He’s sleeping in his bed, one leg uncovered, running shoe half off, the sun
not even up yet.
He grew tired of waiting. I know
he’s sleeping even as I stand at the elevators; his snores can penetrate steel.
I push open the door to his small room, his breathing
suspended in apnea
I wait :
It comes like a long piece of cardboard ripping from top to bottom.
Two quick inhales and a return to steady snores. His pills
know how to keep him.
I shake his shoulder; his eyelids pull open, one at a time: nightglue.
I put a tin of sardines in his vest pocket.
One of his paintings hang on the wall, next to his bed:
“Vermeer’s light comes only from a window. See,” he says, pointing, as I pass him his teeth.
The lacemaker’s uninterested.
Her head bends, two fingers, two needles, two threads making lace on polished oak.
She’s used to his noises.
Exercises are posted under his painting,
to keep his left side from atrophy
bend knee up, straighten knee down, bend knee up, straighten knee down, bend knee up
One of my hands holds his ankle, the other under his knee
weight of a fallen branch.
He looks up at the ceiling.
His eyes watering.
“Don’t hold your breath,” I say. “And no holding the side of the bed!”
He used to walk the tightrope with these two legs; a steel wire
strung like a clothesline in front of his cottage on the edge of Erie’s eroding shoreline.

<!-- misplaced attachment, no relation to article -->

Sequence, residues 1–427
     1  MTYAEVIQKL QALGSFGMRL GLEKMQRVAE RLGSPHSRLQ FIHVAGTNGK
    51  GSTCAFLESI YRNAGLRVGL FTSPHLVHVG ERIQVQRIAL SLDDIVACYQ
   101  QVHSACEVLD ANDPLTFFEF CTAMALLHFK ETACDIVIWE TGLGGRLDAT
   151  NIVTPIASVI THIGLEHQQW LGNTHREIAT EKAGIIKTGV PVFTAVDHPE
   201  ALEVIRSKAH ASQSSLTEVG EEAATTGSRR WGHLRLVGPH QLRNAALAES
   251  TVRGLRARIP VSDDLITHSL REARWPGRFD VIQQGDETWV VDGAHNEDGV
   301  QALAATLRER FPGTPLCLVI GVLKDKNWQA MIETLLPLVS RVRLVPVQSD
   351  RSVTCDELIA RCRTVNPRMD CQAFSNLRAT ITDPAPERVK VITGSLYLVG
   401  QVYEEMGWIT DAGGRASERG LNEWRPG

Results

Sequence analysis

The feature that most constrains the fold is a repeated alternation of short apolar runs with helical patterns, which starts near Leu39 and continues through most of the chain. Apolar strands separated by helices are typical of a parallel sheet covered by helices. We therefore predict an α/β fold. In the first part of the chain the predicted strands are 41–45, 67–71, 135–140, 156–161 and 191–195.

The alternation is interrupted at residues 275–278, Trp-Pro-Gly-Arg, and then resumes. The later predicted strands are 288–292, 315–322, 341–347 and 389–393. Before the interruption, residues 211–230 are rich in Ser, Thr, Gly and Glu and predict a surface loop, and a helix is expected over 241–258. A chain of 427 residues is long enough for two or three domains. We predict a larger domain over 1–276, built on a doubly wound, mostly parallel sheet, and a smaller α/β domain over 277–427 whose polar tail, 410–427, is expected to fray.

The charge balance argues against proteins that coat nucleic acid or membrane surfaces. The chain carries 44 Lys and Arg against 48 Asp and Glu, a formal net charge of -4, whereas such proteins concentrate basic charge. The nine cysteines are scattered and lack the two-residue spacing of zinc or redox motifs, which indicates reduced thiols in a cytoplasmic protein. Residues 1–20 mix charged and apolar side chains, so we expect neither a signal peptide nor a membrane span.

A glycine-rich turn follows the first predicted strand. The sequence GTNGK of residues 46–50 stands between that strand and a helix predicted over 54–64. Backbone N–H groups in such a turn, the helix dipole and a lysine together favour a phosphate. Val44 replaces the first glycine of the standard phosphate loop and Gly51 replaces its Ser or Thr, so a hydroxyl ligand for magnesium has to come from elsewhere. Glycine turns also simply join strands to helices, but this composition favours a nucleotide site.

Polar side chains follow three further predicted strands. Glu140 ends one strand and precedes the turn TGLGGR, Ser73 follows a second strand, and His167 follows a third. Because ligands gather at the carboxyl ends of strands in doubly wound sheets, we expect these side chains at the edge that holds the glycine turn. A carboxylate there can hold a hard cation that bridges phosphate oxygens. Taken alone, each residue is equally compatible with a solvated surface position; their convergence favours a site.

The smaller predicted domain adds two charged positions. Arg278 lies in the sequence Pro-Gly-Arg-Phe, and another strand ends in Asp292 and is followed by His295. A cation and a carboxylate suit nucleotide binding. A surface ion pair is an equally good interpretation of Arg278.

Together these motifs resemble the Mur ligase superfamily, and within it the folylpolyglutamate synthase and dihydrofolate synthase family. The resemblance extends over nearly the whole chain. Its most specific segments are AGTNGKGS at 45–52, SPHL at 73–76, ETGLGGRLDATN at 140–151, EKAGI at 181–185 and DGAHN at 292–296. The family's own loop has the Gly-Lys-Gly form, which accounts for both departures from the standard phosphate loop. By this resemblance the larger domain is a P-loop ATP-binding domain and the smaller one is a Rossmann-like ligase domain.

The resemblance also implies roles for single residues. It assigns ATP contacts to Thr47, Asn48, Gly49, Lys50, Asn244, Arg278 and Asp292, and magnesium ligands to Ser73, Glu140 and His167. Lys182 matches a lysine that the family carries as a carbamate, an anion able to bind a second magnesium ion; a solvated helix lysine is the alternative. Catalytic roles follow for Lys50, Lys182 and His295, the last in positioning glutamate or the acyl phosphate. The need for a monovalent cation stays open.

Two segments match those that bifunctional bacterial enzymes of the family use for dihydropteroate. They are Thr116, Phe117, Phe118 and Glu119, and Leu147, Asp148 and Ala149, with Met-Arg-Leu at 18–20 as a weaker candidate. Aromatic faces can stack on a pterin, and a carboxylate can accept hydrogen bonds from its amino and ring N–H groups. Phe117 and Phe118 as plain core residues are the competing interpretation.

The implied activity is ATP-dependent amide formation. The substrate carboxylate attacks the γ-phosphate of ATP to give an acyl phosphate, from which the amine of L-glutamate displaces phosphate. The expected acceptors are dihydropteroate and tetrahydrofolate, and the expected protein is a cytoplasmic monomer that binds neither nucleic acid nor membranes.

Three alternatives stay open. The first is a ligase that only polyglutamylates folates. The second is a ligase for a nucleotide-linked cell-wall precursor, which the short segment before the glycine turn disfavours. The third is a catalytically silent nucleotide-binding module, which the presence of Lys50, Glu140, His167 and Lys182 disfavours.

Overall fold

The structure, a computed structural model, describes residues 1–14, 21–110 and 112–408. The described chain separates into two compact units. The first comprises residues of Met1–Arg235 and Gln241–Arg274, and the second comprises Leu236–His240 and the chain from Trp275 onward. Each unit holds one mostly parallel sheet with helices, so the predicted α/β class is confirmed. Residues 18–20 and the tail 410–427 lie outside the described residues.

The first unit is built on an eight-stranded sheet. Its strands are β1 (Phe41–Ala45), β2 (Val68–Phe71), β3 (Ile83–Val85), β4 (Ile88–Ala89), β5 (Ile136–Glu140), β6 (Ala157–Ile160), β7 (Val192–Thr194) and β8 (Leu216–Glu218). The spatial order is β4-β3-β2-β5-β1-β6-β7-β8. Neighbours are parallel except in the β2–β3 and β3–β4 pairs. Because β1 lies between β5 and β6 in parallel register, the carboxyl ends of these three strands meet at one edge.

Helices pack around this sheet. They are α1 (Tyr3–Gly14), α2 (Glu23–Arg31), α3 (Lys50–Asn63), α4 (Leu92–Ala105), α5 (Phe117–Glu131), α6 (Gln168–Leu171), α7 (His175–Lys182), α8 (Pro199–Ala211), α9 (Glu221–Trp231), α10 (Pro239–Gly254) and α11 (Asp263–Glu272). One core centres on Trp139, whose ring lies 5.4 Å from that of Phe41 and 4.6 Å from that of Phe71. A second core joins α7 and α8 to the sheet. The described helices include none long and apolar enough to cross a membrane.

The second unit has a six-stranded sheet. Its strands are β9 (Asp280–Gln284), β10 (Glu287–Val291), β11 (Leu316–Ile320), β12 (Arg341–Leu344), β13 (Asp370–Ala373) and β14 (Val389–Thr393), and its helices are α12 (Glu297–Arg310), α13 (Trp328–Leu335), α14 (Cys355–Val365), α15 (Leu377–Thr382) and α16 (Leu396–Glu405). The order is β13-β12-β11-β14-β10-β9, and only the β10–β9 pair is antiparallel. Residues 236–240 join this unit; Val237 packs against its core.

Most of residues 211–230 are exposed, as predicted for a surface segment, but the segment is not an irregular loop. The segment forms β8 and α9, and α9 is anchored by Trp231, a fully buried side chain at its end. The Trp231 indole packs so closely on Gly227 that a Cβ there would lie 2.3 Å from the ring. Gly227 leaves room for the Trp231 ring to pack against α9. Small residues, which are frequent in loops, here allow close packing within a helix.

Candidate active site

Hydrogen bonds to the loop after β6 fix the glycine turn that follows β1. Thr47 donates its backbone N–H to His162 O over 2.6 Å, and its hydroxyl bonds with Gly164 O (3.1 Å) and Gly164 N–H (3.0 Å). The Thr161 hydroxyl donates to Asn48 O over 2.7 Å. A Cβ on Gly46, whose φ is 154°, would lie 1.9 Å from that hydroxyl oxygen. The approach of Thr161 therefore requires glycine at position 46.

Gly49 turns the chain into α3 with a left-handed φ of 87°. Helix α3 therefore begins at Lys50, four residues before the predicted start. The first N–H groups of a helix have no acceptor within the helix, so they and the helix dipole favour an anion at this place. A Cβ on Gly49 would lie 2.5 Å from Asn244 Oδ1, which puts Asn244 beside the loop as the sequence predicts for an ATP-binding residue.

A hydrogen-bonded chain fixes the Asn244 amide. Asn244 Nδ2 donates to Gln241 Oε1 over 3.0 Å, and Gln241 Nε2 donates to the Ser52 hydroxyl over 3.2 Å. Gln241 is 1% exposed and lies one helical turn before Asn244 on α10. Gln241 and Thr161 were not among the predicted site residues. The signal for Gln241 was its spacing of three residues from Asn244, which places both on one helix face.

He’d hop on the wire like it was a bus, swaying catching balance
stepping forward and back, balancing a broom on his nose, rings spinning fire on his arms.
“Swaying side to side makes the old ladies scream,” he says. Laughing.
“Boats came in from Ashtabula to see me.”
bend knee up, “yeah right,” straighten knee down, bend knee up, straighten
He lived alone with his paintings and books and unpredictable shoreline
“One Christmas I strung candy-coloured lights around me from head to toe and walked the wire.
Damn near fell in the lake.
The neighbours had to come round to untangle me.”
Fresh pants clean shirt nylon jacket. Combing his hair makes him still.
I put his feet into his shoes, left ankle swollen to a stump, wheelchair
opens like a story he never expected.
Leaving his small room, I glance at the lacemaker and her window of light:
she doesn’t bother to look up.